Scotland’s proximity contact tracing app has hit one million downloads a week after its launch, it was revealed today.
The Protect Scotland app, being used in the fight against Covid-19, crossed the major milestone shortly after 10am this morning.
Welcoming the news, First Minister Nicola Sturgeon said ‘thanks a million’ to everyone who had installed the Bluetooth technology on their smartphones, just seven days after launch.
She said: “Thanks a MILLION everyone. Please keep spreading the word – the more of us who download protect.scot the more effective our fight against COVID.”
National Clinical Director Jason Leitch added: “Well done Scotland. It’s a great start. A million downloads in a week. The more downloads, the safer the system so please keep telling your friends and families.”
Sturgeon revealed in First Minister’s Questions at Holyrood today that more than 100 people have been told to isolate as a result of downloading the app via Apple’s App Store or Google Play Store.
She said: “One million is already a big enough number for us to know that the app can make a difference and I can advise that more than 100 people have been advised to isolate as a result of using it.”
Health Secretary Jeane Freeman said: “In only one week since it was launched, more than 1,000,000 people have now downloaded the Protect Scotland app, which will really help Scotland in the fight against COVID-19. One million is a big enough number for us to know already that the app can make a difference — so far, more than 100 people have been advised to isolate as a result of using it, and 300 contacts traced. It’s completely secure and keeps your data protected. It is a simple but important way that is already helping us protect people in Scotland.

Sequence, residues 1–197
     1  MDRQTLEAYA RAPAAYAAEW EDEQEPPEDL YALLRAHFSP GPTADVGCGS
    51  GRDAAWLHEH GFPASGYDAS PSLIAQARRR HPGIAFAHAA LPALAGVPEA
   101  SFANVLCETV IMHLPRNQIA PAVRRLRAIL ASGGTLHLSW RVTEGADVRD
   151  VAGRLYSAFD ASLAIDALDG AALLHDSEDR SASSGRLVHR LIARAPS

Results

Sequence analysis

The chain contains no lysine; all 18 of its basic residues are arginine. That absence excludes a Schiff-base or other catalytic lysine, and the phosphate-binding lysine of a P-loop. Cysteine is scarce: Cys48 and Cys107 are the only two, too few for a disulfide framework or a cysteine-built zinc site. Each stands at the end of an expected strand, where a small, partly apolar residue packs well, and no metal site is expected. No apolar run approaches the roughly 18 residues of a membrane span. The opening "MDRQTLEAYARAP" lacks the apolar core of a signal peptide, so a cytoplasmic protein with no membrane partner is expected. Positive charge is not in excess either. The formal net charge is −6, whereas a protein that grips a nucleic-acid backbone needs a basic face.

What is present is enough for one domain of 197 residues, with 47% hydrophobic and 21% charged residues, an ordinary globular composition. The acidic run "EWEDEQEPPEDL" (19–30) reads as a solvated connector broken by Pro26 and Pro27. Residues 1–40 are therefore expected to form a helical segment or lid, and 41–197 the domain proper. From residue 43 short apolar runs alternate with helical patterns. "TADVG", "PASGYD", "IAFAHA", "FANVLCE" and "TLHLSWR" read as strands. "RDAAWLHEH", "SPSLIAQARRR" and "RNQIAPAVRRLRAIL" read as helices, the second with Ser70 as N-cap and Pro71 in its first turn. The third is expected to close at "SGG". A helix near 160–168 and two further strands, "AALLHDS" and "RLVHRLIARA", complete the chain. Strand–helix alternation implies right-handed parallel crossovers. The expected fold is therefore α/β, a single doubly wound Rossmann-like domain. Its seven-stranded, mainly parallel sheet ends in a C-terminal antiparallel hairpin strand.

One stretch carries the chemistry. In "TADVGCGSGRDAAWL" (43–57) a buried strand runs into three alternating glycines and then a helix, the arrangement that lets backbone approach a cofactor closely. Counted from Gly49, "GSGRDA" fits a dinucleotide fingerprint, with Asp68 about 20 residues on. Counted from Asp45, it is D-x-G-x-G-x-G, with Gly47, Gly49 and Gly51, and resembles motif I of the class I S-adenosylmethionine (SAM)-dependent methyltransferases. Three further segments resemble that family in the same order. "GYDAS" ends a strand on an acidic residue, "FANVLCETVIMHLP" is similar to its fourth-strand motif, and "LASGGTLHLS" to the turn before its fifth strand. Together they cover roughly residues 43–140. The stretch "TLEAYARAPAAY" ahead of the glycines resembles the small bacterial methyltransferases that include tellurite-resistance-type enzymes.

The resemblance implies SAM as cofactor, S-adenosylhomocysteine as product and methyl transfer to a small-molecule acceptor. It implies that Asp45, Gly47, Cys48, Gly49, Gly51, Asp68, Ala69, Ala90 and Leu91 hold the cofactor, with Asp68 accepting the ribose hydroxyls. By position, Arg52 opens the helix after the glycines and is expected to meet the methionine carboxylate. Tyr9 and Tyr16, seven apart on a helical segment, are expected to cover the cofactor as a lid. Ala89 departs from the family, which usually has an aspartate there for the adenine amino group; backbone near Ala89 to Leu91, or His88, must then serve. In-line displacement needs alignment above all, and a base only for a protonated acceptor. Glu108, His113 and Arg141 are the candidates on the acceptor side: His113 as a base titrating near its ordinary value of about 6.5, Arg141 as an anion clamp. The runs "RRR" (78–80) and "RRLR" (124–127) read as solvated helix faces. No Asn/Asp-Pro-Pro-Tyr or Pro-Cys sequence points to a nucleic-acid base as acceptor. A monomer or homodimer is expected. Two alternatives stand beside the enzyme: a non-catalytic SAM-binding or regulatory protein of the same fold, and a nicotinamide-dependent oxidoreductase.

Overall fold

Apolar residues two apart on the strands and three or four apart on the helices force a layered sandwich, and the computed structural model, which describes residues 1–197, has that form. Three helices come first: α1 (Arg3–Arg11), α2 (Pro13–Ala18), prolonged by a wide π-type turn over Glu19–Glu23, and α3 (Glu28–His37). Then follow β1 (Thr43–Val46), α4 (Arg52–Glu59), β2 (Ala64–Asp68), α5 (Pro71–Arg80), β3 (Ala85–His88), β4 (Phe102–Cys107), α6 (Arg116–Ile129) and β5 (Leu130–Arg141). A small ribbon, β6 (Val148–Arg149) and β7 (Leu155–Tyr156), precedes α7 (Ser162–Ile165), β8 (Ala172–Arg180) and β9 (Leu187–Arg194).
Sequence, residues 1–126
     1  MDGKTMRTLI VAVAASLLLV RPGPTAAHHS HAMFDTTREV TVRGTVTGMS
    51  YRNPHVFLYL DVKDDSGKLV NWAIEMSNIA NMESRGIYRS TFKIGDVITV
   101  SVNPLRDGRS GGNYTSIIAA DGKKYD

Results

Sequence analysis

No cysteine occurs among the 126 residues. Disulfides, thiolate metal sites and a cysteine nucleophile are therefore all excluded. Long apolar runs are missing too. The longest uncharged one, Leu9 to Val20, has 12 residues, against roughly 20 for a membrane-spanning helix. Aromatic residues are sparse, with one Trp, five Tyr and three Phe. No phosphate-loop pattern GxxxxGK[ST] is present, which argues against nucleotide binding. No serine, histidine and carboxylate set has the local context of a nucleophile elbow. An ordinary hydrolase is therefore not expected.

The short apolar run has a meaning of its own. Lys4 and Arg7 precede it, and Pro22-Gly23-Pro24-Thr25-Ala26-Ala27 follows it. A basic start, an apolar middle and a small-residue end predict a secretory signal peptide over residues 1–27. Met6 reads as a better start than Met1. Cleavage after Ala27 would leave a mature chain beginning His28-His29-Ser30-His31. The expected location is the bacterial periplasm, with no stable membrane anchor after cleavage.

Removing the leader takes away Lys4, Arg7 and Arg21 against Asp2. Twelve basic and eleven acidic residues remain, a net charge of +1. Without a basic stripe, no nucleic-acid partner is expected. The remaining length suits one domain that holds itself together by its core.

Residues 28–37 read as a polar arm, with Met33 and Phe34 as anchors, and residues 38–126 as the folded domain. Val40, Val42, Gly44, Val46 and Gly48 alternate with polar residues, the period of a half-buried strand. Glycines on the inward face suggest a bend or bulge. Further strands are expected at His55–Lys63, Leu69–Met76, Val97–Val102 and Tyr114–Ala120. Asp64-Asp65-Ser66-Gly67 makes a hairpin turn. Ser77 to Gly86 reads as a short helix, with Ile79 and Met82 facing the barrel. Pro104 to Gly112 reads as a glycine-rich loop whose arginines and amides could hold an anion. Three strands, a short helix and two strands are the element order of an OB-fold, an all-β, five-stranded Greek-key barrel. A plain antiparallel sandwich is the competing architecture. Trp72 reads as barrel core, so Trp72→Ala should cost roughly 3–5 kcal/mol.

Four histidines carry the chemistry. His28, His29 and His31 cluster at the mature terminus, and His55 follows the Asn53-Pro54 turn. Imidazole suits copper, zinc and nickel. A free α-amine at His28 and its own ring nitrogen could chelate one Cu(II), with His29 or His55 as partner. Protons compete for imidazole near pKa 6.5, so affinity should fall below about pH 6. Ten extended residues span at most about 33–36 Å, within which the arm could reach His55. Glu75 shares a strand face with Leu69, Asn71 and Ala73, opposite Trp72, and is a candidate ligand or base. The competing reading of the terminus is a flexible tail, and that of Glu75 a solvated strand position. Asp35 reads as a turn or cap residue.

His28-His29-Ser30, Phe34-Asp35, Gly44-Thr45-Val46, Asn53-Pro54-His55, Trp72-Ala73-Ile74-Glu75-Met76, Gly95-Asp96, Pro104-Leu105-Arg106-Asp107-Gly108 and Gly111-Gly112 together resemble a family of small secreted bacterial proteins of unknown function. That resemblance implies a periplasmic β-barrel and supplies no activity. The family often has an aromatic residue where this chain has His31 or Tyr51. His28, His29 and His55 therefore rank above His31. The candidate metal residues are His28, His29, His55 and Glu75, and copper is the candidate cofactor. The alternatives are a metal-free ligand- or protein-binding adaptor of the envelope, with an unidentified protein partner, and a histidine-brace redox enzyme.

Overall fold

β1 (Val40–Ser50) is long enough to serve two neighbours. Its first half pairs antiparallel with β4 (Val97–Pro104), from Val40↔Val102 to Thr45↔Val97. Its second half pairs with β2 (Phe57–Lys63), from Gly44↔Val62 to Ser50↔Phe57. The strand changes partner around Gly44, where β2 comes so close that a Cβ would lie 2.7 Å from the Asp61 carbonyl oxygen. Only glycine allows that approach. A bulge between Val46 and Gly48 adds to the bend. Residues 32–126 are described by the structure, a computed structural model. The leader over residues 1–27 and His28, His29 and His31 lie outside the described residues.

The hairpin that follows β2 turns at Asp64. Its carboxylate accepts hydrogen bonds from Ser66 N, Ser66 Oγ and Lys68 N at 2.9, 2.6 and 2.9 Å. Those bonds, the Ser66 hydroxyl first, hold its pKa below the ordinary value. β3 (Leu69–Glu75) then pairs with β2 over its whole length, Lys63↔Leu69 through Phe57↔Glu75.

“I want to thank every person who has helped us in this way and encourage everyone who can to download the Protect Scotland app. You will make a difference.”
The Scottish Government said that more than 300 people who have tested positive for Covid-19 – and have the app – were issued with a test code so they can alert other users about their result.
The app does not store details on an individual or their location but uses encrypted, anonymised codes exchanged between smartphones to determine all close contacts. Close contacts are defined as people who have been within two metres – of someone who has tested positive – for 15 minutes.
Designed by software developers NearForm for NHS Scotland, as revealed last week, the app uses the same technology as the Republic of Ireland and Northern Irish proximity tracing apps.
Sign up is entirely voluntary but “strongly recommended” for those with compatible smartphones, which are Apple iPhones 6S and above and Android 6.0 and above.
Contact tracing has been performed manually up until now with a network of call handlers telephoning people who have tested positive for coronavirus, and asked to self-isolate. The tech-based system was described in the Programme for Government as a measure to enhance and support NHS Test and Protect.